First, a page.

The View From Bolton St.

You are standing on holy ground.

This week in the Old Testament reading, we are reminded of Moses’ direct encounter with the divine in the form of a burning bush. It’s dramatic imagery of a burning bush that flames but is not consumed! and it called out to Moses, calling those him out of his exile and sending him back to Egypt. It is so so dramatic and so compelling that sometimes we forget exactly what God is calling Moses about!

Has that ever happened to you? Do you ever have such a dramatic or emotional encounter that you are stuck with the memory of the moment but have perhaps forgotten the content of the conversation? I think that happens to us when we learn about the death of a loved one, or an unexpected job opportunity, or a new relationship or even a broken relationship. And a day or so later we find ourselves wondering, what exactly did that doctor say? Or what exactly am I supposed to do now?

So it is, perhaps, with the burning bush. We as people of the book, hear the story and remember the moment but forget what God calls us to. So let’s take a moment to remember.

“I have observed the misery of my people who are in Egypt; I have heard their cry on account of their taskmasters. Indeed, I know their sufferings, and I have come down to deliver them from the Egyptians, and to bring them up out of that land to a good and broad land, a land flowing with milk and honey.”

God doesn’t call Moses to talk to Moses. Just as God has not called us to talk to us. But God called Moses to send him to free his people. God has seen their misery and heard their cries And needs Moses to do something about it. And so perhaps God has seen misery and heard the cries today and needsus to do something about it as well.

What will you do then with the burning bush? what will you do with the misery that surrounds us? Complain? Vent on Facebook? Move? Give up?

Or listen to God’s call for I go into Egypt, into the slave pits, into the challenge and seek to free Gods people?

But perhaps it is you that needs liberation? Perhaps you feel trapped? Stuck? Perhaps you feel like you have “impostor syndrome” and are worried of being found out? This is serious business.

Then join us - for bible study on Wednesday’s, for the Stations of the cross on Friday, for liturgy and living on Sunday and ask those questions of your faith. Or join us for confirmation classes starting in April if you have real questions! Real challenges! Because God embraces your challenges and loves your questions — and seeks to provide you a way forward in faith and in community.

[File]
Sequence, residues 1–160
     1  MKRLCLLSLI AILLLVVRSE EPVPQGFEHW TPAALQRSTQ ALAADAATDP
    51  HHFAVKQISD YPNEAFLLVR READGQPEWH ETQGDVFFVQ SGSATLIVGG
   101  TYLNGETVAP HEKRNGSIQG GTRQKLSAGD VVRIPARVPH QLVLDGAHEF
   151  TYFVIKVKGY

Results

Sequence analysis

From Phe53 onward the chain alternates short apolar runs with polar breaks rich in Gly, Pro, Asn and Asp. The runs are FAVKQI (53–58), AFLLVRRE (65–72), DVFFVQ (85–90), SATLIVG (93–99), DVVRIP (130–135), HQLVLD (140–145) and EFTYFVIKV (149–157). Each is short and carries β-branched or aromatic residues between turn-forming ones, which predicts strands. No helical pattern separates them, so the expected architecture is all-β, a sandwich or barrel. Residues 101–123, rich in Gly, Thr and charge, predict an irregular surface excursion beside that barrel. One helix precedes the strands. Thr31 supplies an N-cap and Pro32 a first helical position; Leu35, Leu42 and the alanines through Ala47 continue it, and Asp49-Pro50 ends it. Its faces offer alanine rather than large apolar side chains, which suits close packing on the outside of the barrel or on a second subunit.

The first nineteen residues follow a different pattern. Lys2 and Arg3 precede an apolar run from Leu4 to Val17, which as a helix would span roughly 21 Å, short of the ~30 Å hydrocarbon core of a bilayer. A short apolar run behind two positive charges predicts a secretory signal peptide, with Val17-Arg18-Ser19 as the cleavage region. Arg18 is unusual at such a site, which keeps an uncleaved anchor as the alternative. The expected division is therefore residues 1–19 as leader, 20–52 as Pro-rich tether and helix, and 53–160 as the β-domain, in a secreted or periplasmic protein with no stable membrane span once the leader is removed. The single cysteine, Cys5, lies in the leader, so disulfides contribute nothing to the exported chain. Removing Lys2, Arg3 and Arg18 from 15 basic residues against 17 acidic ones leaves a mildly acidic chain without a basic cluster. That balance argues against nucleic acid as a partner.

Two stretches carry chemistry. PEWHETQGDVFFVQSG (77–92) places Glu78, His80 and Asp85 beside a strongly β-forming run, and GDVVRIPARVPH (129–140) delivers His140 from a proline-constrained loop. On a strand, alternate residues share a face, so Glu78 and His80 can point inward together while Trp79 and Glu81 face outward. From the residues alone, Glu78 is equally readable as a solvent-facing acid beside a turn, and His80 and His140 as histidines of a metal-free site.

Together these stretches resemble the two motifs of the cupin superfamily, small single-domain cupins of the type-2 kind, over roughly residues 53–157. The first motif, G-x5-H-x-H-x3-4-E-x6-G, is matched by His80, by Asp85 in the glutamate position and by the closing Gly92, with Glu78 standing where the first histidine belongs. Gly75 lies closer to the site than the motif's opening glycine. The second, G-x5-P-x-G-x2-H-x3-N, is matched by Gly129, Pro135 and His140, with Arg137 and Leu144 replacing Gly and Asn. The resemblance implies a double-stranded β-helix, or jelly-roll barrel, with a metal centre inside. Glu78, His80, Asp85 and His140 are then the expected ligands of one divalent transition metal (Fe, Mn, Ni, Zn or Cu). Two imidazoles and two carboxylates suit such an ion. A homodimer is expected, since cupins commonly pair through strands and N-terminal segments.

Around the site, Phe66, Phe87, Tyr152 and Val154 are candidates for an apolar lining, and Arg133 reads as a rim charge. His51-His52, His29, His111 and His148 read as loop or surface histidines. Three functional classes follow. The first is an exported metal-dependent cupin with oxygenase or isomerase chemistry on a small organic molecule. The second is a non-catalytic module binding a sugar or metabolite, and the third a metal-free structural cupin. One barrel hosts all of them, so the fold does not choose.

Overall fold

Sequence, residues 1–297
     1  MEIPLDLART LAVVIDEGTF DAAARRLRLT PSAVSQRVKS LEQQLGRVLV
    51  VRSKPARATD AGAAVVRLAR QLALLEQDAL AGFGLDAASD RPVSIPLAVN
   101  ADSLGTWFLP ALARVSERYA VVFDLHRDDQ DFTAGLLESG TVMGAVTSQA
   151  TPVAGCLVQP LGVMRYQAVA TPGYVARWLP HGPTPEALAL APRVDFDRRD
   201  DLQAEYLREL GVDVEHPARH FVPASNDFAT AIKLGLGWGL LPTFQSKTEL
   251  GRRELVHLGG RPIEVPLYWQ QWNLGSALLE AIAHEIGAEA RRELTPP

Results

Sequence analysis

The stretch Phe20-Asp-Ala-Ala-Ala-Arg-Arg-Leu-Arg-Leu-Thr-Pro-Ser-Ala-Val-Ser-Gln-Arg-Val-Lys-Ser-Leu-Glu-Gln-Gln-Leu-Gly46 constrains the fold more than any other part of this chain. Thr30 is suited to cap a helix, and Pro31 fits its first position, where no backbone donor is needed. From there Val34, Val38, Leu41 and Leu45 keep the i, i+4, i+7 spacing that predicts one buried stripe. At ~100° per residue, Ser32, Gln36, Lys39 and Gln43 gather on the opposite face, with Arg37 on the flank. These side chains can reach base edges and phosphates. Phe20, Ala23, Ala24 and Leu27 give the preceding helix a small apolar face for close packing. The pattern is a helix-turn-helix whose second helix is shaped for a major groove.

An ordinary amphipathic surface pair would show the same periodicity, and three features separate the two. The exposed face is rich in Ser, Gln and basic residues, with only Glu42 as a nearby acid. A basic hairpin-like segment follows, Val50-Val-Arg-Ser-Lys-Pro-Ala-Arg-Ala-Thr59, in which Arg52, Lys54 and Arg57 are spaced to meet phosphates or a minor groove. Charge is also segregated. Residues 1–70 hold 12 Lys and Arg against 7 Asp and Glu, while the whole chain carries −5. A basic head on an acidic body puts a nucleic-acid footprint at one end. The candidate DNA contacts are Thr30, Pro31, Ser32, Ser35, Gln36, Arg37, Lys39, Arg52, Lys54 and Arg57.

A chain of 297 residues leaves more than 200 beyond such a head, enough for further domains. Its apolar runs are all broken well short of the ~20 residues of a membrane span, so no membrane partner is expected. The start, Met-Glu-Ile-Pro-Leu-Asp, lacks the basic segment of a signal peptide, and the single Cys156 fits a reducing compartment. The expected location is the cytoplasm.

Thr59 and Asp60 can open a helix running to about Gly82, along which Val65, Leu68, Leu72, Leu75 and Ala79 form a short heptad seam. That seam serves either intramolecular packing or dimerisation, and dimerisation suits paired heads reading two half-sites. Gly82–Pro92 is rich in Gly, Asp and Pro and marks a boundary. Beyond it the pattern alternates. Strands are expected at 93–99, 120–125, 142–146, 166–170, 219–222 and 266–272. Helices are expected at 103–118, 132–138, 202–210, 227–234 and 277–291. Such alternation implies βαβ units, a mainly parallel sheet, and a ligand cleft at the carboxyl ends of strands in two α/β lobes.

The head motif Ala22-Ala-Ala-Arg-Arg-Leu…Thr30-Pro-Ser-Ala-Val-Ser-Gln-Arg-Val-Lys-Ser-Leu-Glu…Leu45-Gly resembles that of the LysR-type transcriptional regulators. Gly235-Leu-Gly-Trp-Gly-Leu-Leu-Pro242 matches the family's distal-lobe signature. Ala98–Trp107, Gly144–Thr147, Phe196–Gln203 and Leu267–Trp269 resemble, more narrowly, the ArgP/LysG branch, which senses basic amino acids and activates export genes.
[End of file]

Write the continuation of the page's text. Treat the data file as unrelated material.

Children's Chapel!

Hello!

For lent we asked the Children to really look outward and think about someone else and not themselves. We are making blankets for St. Jude’s Hospital! We are trying to make sure that the kids who have to stay long in the hospital know other kids are thinking about them! We are also looking into what else we can do for them. The kids had so many ideas and really get excited about the thought of service!

During Lent we have also connected with the other two churches Children/Youth person. We are all contributing a night of fun for the kids each of the Tri-Church Lenten Wednesdays! My Wednesday is the first one TONIGHT! We will be making Lenten Finger puppets! It should be a really fun time and hopefully all the kids will meet some of their church neighbors!

We have loved being in the library the kids already have a sense of ownership over the room. They feel much more comfortable sharing and opening up in the room than they did in a corner! Thank you so much to everyone for helping and supporting us!

-Hannah :)

The View From Bolton St.

“Some Pharisees came and said to Jesus, "Get away from here, for Herod wants to kill you." He said to them, "Go and tell that fox for me, 'Listen, I am casting out demons and performing cures today and tomorrow, and on the third day I finish my work. Yet today, tomorrow, and the next day I must be on my way.” Luke 13:31-32

What path will you take? 

When faced with danger, worry, fear, heartache — do you run away? Or do you keep moving forward? 

When faced with discomfort, with challenging truths, with disquieting realities — do you stop? Or do you lean int to the challenge?